An-entry level RC car won’t break any speed records, but it also won’t cost you a fortune and can be had for around $100 ($70-$250). Mid-range RC cars from reputable brands cost between $300 to $500. From there, costs only get higher and some high-end models can reach prices in thousands of dollars. 

In the beginning, expect to spend around $200 for a quality RC car that can take a fair amount of beating before giving up. Cheap cars might cost less in the beginning, but they tend to break easily and are usually irreparable when that happens, and won’t last as long as more expensive ones.

Why are RC Cars so Expensive?

High prices of RC cars is perhaps one of the biggest con of getting into this hobby. RC cars are not usual toys and have a lot of moving parts. The body and core components need to be durable and made of high-quality materials, which are not cheap and make the manufacturing costs high. Manufacturers try to make their RC cars as durable and lightweight as possible, which requires R&D and use of exotic materials such as carbon fiber and titanium.

RC car toys are not a reasonable option for hobbyists because they break easily and don’t offer good value for the money. For that reason, they have to spend a bit more even to enter into the hobby. Like most other hobbies, the RC cars hobby is also expensive and hobbyists need to be ready to spend a decent amount of money on it.

Buying New vs. Used

Buying a used RC car itself is not a bad idea and you can save quite a bit of money doing so. But it’s for those who really know what they are doing. More often than not used RC cars on Craigslist have lived their life and the owner is simply trying to offload what isn’t working for them anymore. Someone with very little knowledge about the hobby can easily get scammed, which makes buying a used item an option suitable only for experienced hobbyists.

In case you might get lucky with a used RC car, you still probably won’t have any warranty to cover your purchase. Buying one new obviously costs more, but it gives you a more enjoyable experience and does not make you feel you just threw your hard-earned money away. What might have been a flagship product five years ago is probably obsolete now and won’t give you an enjoyable experience. Any machine with moving parts has a finite life and it’s hard to determine how much is left in it.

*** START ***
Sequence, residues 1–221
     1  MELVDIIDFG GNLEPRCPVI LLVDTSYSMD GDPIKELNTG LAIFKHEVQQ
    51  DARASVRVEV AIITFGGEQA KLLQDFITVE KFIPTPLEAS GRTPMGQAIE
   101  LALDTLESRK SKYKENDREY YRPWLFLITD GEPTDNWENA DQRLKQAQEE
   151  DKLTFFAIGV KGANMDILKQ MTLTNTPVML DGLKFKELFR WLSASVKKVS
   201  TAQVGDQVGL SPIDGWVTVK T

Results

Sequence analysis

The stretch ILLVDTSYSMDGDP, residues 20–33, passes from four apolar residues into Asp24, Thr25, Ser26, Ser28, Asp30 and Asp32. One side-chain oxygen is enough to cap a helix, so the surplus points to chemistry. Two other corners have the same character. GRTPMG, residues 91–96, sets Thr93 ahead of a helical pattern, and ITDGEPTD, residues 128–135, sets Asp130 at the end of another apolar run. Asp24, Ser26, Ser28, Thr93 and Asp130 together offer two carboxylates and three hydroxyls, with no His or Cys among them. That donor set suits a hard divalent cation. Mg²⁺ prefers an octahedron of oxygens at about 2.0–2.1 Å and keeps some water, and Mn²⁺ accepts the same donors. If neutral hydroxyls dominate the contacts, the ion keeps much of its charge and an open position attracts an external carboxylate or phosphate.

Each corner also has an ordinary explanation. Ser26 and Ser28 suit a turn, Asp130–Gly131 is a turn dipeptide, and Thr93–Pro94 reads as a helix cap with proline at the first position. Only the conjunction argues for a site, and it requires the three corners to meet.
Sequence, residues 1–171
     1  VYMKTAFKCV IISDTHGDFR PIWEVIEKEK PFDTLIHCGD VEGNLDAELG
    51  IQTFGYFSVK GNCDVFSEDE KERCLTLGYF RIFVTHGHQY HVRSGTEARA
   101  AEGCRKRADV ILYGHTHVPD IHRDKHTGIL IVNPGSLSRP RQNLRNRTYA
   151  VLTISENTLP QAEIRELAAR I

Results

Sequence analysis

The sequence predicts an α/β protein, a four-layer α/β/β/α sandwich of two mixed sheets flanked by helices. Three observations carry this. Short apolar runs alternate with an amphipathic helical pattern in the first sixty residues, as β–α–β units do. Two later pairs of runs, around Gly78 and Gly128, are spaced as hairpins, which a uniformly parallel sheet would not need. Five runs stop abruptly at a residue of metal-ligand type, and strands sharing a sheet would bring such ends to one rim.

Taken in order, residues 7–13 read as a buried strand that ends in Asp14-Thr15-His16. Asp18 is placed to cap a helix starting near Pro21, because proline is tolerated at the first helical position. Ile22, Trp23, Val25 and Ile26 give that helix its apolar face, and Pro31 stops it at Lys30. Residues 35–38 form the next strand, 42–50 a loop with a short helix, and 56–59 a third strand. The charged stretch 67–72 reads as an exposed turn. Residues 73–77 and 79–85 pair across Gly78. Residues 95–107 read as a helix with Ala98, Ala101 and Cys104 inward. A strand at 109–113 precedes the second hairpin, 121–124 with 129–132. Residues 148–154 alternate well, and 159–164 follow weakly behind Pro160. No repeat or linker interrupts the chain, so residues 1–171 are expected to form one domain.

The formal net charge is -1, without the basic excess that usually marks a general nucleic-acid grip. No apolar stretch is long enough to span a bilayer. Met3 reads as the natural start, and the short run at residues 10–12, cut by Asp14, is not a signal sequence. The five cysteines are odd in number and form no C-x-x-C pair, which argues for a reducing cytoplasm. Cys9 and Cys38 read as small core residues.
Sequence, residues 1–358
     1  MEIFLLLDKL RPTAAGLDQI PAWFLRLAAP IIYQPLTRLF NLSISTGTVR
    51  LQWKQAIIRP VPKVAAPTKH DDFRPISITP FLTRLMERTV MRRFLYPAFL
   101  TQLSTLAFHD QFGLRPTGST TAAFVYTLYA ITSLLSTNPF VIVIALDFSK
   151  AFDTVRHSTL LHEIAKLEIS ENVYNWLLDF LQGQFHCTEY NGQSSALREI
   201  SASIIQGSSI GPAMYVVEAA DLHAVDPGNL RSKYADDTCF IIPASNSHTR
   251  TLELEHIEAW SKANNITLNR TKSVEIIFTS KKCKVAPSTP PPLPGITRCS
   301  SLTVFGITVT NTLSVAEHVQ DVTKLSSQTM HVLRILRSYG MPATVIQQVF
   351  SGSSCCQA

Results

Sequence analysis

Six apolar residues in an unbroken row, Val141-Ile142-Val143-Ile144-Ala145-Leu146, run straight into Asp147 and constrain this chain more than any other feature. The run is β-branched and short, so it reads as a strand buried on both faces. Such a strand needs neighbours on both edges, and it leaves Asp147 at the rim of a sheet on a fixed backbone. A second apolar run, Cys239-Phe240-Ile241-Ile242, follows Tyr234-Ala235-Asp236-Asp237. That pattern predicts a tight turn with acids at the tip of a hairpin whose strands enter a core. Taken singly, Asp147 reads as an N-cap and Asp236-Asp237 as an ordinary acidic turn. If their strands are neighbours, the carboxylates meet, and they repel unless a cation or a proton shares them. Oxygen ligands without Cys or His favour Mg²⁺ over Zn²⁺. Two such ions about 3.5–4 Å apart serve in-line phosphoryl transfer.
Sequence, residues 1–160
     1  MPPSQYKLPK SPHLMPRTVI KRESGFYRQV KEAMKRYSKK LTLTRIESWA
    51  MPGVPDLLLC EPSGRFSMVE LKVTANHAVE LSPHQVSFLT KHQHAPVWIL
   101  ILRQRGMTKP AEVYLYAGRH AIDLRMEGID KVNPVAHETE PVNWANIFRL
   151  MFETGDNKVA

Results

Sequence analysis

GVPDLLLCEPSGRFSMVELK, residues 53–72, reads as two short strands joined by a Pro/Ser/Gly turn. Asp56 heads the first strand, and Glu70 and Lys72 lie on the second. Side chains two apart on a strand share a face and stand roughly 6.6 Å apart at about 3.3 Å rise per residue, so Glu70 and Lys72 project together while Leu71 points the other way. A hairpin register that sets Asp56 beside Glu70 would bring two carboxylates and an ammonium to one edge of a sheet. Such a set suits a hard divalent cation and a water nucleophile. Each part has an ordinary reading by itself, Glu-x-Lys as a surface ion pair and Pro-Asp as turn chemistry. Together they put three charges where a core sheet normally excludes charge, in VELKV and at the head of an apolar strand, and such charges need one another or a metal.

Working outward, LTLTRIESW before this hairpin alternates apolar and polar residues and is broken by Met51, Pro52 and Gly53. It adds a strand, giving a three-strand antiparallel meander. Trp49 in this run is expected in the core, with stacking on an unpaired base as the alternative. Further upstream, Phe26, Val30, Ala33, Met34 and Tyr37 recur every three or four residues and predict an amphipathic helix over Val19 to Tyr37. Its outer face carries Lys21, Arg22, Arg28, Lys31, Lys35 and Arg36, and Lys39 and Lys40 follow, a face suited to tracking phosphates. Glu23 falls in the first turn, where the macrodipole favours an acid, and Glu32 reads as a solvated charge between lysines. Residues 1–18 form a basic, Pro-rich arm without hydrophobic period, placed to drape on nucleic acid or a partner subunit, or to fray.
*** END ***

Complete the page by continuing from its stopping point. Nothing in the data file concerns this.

Power Source: Electric vs Nitro

Power Source: Electric vs Nitro

RC cars need power to run, which can be electric or nitro. Electric power refers to use of batteries, while nitro refers to nitro or gasoline as a fuel. Some RC cars also use gasoline as a fuel, but these are usually bigger RC cars 1:5 in scale and burn gasoline like regular cars. High-end RC cars featuring jet-turbine engines are usually powered by diesel. When it comes to buying an RC car for the first time, you only have to choose between electric and nitro-powered cars.

Electric cars are cheaper, require little to no maintenance and run quiet, but on the other side they have limited run times and require you to wait for hours to recharge. Nitro-powered cars have longer run times, make nice sounds and you don’t need to wait for hours to recharge a battery. But these are expensive and complex machines that require regular maintenance. You also have to keep buying nitro fuel cans, which can leave a nasty smell, while the sound may also disturb your neighbors or people around you.

Battery-powered RC cars cost less than their nitro counterparts, are easily upgradable and accelerate/run faster (same price point cars). That’s why electric-powered cars are the first choice of beginners as you can simply recharge a battery, which is less costly in the long run than burning nitro fuel cans. Nitro-powered cars also require more maintenance and tuning as they have more moving parts. Nitro cars are expensive to buy, run and maintain and it’s like owning a real car, just at a smaller scale.

Nitro RC cars

Nitro RC cars have a break-in period during which you have to run the car slowly. Another issue associated with Nitro cars is gas leakages/spills, but those who love the smell and noise of nitro-powered RC cars don’t care much about these issues.

  • Electric RC cars are cheaper, run quieter and faster, and don’t require refueling and maintenance
  • Nitro-powered RC cars are noisy, heavier and require refueling and regular maintenance
  • Nitro RC cars provide a realistic driving experience because of smell and sound and are can tolerate wet conditions (electric cars are not always waterproof)
  • Nitro cars can only be used outdoors because of exhaust fumes and smell due to burning fuel

Electric Motors: Brushed vs. Brushless

Electric Motors Brushed vs. Brushless

Since most beginners are into buying electric RC cars, understanding the two different types of motors and their advantages/disadvantages is important when making a purchase decision. The type of motor you choose can have a significant impact on the price.

The two types of motors used in electric RC cars are brushed and brushless, each having its own Electronic Speed Controller. ESC enables you to control speed otherwise, the motor either does nothing or goes full throttle.

Although cheaper, RC cars powered by brushed motors lack power and are inefficient. Brushless motors on the other hand are powerful, a lot more efficient than brushed motors and last a long time. If your budget allows, it’s recommended to go for an RC car featuring a brushless motor. You can also change the motor in future, but it can be difficult for people new to the hobby as you also need to upgrade the ESC and a programming card.